The Maze Runner by James Dasher
Genre: Action/Adventure, Dystopian
Published by: Chicken House
Series: The Scorch Trials (#2) | The Death Cure (#3)
Where to Find: GoodReads | Amazon
I have a confession to make. It’s terrible, I know, but….I saw the movie first. But after I saw the movie, I was filled with the best feeling ever. MOTIVATION! I could not leave ‘The Maze Runner’ where the movie did – that epilogue section was too much. I needed to know what happened next. So, I decided I would read the book, experience everything as the author intended and then continue the series. So, now that I’ve witnessed both the book and the movie, I can say: the movie was better. (Book-to-movie review coming soon.)
Plot and Pacing
The Maze Runner is your classic dystopian. Some kids are chucked in an arena and have to try and survive. Unlike ‘The Hunger Games’, all the kids co-operate. Order is everything. The aim of the game is simple: escape the maze. Well, we weren’t really excepting them to stay in the maze, right? Wrong. Over fifty kids have been stuck in this maze for two whole years. UNTIL our protagonist Thomas arrives.
Thomas, like any normal kid in this situation, has some question. Unfortunately, the one thing the Gladers (kids that live in the centre of the maze) don’t like is questions. Answers are like a currency – to get them, you have to earn them. It’s kind of repetitive and highly annoying that Thomas is kept in suspense for about two thirds of the book. If Katniss didn’t know what The Hunger Games were until two thirds of the way in, she would have been in trouble.
As for the pacing, I’d say the book moved moderately quickly. This was probably due to Dashner’s talent for describing settings and tasks. The majority of this book was taken up with action over dialogue, which was refreshing, but I do love a bit of conversation. It ensures character development. Too bad conversation involves questions.
Thomas was kick-ass. I can’t remember reading a book of this genre with a male protagonist since ‘Percy Jackson’, and I can happily slot Thomas above Tris on my list of favourite dystopian characters. He was curious (which was made out to be such a strange personality trait) and he was eager. When none of the other boys would tell him what was going, he took matters into his own hands. I admired the selfless way Thomas acted and how he acted as a motivator for the Gladers to attempt for the trillionth time to escape the maze.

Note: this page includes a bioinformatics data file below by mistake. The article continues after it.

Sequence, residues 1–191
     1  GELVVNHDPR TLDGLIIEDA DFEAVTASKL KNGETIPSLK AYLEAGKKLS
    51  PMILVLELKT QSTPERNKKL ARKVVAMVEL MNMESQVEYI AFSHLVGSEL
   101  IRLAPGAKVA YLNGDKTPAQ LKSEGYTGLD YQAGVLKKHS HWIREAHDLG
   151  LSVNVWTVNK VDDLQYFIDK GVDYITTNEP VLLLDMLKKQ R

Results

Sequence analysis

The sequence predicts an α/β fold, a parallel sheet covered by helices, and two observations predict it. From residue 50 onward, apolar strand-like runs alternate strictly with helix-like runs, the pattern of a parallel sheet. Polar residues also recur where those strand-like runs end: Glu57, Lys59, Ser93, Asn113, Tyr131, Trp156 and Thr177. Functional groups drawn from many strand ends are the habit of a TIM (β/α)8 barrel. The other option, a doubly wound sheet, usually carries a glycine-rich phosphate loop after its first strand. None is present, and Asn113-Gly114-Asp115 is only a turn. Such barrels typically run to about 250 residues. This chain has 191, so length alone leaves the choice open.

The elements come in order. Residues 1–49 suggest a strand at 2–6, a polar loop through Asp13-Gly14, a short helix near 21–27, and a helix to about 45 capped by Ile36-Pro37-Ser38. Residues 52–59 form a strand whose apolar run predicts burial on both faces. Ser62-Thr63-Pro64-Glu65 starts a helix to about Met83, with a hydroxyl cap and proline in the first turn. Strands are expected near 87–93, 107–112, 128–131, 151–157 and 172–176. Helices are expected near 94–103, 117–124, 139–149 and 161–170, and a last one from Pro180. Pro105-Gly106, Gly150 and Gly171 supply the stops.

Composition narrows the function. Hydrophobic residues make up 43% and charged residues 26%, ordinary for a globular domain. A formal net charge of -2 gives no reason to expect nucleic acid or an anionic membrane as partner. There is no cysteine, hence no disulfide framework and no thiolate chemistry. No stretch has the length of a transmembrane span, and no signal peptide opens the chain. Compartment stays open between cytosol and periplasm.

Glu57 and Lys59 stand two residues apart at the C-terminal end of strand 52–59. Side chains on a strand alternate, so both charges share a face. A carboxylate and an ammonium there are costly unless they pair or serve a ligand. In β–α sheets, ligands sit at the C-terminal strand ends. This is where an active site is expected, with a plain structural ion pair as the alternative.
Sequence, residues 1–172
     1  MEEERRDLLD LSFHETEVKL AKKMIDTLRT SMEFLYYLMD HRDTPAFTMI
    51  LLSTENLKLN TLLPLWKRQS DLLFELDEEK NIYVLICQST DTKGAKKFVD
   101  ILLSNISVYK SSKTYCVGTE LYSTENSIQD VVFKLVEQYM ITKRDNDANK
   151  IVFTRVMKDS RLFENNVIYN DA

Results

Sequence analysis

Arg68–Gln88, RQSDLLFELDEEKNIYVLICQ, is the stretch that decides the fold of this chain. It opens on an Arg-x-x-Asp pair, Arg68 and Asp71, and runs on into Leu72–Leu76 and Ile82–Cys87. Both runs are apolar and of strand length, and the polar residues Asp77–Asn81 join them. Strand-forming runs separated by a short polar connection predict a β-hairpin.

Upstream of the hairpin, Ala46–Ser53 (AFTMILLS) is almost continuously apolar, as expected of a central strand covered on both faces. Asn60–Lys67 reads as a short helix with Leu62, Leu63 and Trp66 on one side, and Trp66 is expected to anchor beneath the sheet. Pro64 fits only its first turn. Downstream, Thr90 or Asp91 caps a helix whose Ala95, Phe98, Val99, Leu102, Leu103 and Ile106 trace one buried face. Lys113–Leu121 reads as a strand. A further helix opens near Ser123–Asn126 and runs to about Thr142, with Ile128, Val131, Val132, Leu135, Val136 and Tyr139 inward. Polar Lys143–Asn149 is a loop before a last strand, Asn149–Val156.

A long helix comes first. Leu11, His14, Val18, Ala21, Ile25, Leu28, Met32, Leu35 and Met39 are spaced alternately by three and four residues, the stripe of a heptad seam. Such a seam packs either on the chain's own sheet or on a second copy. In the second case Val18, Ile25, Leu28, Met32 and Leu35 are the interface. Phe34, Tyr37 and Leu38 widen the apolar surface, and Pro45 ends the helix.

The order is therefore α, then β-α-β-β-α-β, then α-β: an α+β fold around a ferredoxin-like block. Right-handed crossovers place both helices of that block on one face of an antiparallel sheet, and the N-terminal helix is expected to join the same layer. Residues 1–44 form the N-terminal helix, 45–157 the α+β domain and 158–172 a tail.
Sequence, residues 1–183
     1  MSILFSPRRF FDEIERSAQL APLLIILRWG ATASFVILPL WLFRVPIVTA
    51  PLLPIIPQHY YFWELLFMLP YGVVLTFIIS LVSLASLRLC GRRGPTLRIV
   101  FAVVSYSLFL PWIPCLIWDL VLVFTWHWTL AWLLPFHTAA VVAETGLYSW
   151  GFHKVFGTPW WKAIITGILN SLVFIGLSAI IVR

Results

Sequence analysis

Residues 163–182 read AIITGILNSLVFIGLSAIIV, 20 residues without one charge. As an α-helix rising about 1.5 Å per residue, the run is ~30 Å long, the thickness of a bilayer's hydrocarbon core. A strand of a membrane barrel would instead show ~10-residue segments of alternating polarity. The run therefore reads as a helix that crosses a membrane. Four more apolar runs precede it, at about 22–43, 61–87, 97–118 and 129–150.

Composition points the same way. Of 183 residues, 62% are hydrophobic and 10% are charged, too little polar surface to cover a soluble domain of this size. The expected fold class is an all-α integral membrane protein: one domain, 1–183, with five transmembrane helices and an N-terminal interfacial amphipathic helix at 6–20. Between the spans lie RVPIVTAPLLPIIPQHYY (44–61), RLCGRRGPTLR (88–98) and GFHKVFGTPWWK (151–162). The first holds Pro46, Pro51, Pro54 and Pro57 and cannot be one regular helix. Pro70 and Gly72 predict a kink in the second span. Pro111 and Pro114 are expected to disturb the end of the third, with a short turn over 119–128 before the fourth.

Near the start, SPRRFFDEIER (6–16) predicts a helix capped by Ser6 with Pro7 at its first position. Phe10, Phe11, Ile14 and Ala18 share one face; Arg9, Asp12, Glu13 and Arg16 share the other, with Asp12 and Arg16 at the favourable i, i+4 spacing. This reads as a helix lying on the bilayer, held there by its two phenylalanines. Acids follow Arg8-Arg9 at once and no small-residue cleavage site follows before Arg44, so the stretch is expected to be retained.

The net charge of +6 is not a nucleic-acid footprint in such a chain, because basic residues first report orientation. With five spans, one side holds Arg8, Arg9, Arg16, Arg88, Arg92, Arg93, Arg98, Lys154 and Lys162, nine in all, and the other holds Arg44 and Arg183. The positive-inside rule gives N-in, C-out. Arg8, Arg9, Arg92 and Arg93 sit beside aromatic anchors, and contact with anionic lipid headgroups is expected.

However, as with any messiah leading the way, there are going to be some people that want to spit in his face and kick him in the shins. These characteristics were embodied in Gally, the antagonist. He was skeptical of anything Thomas did, and when Teresa arrived, Gally was ready to enact some capital punishment. (Don’t worry Tom, he’ll get what he deserves.)
As for the other boys, it was like a sci-fi TV show. If they weren’t given names, you knew they were on the enemy’s hit list.
Newt was by far my favourite, but overall, I think the boys were very violent and horrible to each other. I was glad there wasn’t much dialogue, because the dialect used by the characters was strange and clunky…or should I say klunky? Ha!
If you’re reading a dystopian, you want to know about the world and what’s happened to make it get to whatever state its in. Much to my dismay, we were only given tidbits of information, none of it enough to grasp what had happened to the world, outside the maze. I couldn’t figure out what the purpose of the maze was and why there were only boys. In the end, I had more questions than Thomas. In a way, this is what motivated me even more to continue the series, but if I don’t find out what’s going on soon, I feel boredom might start to eat away at me.)
This book deserves three stars. It did nothing to disappoint me, or impress me. I don’t know if I’d have the same opinion if I’d have read the book first, because then I wouldn’t have been expecting the outcome, however, I would recommend this book to anyone looking for the next dystopian obsession!